None of you reading this blog post will be old enough to remember the Californian or Victorian gold rushes of the 1850s and 1860s, but they serve as a useful analogy for the football shirt scene in Hong Kong. The former British enclave was handed over to the British as part of the Nanjing Treaty of 1842, about the same time that thousands of men and women sought their fortune in the US and Australia.
We’ll come back to this concept later, but before we go any further, you should note that the football shirt market in Hong Kong is fundamentally different to that of the UK. Each shop is nestled inside office buildings as high as 25-storeys, in and amongst the numerous cosmetic and mobile phone stores. Some are probably no bigger than your living room, making them extraordinarily difficult to find, however each of them has such a wild array of clubs you feel as though you are on an actual gold hunt.
Armed with a printout map and a large bottle of water each, two of the FSM team tackled Mong Kok – known for two things according to my Hong-Kong born work friend, its ‘dodgy’ and ‘dodgier’ street markets. Chuck in the humidity and thousands of keen shoppers, and the streets of Mong Kok made Oxford Street look like Last of the Summer Wine*.
The first action we were tasked with was an easy one, to collect five pre-ordered shirts from Hong Kong’s leading club side, containing a rather unique player. If you follow the 2017 AFC Champions League, then you will have no trouble recognising Eastern Sports Club (SC) and a certain Jaimes McKee. The Birmingham-born striker has spent his entire career in Hong Kong, while also featuring regularly for the national side – so we felt it rude not to pick up this shirt too!
Having departed the first store, we quickly discovered that lying three floors below was another, but with less of a focus on the domestic league. Nevertheless, the pink Kitchee SC 16/17 away shirt is something to behold – the more keenly eyed of you will notice that Kitchee were unlucky losers in an AFC play-off versus K-League side Ulsan Hyundai earlier this year. Which player did we select? Look no further than captain Lo Kwan Yee, colloquially known as the Hong Kong Messi, and having made over 250 appearances for the club since 2007.
That’s the domestic market tied up, but what about the other Asian markets? Well the obvious choice is Japan. At a broader level, the economy known for its high manufacturing base, where nearly every other good exported is of genuine quality, unlike some of the products available in South East Asia. This applies to football shirts as well, which means that J-League shirts are not cheap!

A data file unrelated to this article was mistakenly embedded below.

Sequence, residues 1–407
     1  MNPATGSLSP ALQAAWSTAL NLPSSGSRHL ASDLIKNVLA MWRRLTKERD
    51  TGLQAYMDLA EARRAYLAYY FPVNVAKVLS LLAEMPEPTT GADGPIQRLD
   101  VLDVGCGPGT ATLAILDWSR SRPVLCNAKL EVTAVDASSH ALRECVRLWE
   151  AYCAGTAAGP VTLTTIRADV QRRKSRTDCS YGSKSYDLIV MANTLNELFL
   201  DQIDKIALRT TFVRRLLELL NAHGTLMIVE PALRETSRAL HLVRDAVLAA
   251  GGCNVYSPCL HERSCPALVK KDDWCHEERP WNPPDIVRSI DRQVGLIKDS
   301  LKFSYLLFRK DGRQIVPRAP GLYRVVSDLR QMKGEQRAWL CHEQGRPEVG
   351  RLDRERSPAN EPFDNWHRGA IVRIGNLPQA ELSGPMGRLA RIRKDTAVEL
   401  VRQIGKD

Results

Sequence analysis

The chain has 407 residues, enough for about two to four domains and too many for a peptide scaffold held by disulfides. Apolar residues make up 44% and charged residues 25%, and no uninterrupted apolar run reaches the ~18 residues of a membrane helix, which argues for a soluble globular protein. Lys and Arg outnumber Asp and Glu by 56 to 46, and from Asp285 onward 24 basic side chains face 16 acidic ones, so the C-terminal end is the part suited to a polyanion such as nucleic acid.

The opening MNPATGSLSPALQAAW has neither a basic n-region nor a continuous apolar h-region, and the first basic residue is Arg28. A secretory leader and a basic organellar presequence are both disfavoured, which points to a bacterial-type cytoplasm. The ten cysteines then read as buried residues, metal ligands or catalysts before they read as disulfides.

To give you an idea of how hidden some of the football shirt shops are in Hong Kong, sometimes you just have to rely on the old-fashioned ‘word of mouth’ technique. Our reliable Kitchee seller informed us that his friend owned a store selling Japanese club shirts, so who were we to be sceptical? We certainly were not disappointed by the selection upon arrival. Row after row of J-League shirts greeted us, tightly packed against each other and protected by their transparent suit covers, the colours giving off the vivid impression of a newly opened packet of Starburst (remember those?!)
With a specific focus on the soon to be retired generation, we decided on two players from this store. If you take an interest in the Japanese national team at the World Cup Finals, you will do well to remember Mitsuo Ogasawara, a one-club legend who has made over 650 appearances for the 2016 J-League champions Kashima Antlers. More of you are likely to have fonder memories of Yuji ‘Bomber’ Nakazawa, himself who has made in excess of 500 appearances for Yokohama Marinos. Their shirt previews are below, but we were both immensely satisfied with our efforts in securing these. Note that we purchased one final J-League shirt from another store; the ever-popular Yasuhito Endo of Gamba Osaka, revered by many as one of the most talented Japanese players of his generation despite having never pursued a career abroad.
So what did our shirt hunting trip to Hong Kong teach us? This place is a hipster haven for football shirts, with each shop run independently unlike the draconian behemoths of the UK, such as Sports Direct. At every store we found there was a refreshing focus on customer service, and a welcome variety of shirts on offer.
Which leaves me to return to the gold mine analogy. Although we were never going to find our fortune in Hong Kong, there was zero chance that we were going to ignore this market. This is a giant step forward for FSM in securing relationships with a host of suppliers to provide you with the rarest football shirts available. Enjoy!
*Last of the Summer Wine is a 90s British sitcom set in the rolling hills of West Yorkshire